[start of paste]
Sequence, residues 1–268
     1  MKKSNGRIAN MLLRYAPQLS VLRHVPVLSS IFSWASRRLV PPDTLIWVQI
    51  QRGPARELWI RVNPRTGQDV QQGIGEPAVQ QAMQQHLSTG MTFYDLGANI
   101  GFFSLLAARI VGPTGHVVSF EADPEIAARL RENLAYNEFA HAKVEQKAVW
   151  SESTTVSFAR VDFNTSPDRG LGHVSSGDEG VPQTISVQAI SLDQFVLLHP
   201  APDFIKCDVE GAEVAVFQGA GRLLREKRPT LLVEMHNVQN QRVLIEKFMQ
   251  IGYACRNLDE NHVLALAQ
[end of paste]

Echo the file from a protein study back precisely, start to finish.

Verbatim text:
Sequence, residues 1–268
     1  MKKSNGRIAN MLLRYAPQLS VLRHVPVLSS IFSWASRRLV PPDTLIWVQI
    51  QRGPARELWI RVNPRTGQDV QQGIGEPAVQ QAMQQHLSTG MTFYDLGANI
   101  GFFSLLAARI VGPTGHVVSF EADPEIAARL RENLAYNEFA HAKVEQKAVW
   151  SESTTVSFAR VDFNTSPDRG LGHVSSGDEG VPQTISVQAI SLDQFVLLHP
   201  APDFIKCDVE GAEVAVFQGA GRLLREKRPT LLVEMHNVQN QRVLIEKFMQ
   251  IGYACRNLDE NHVLALAQ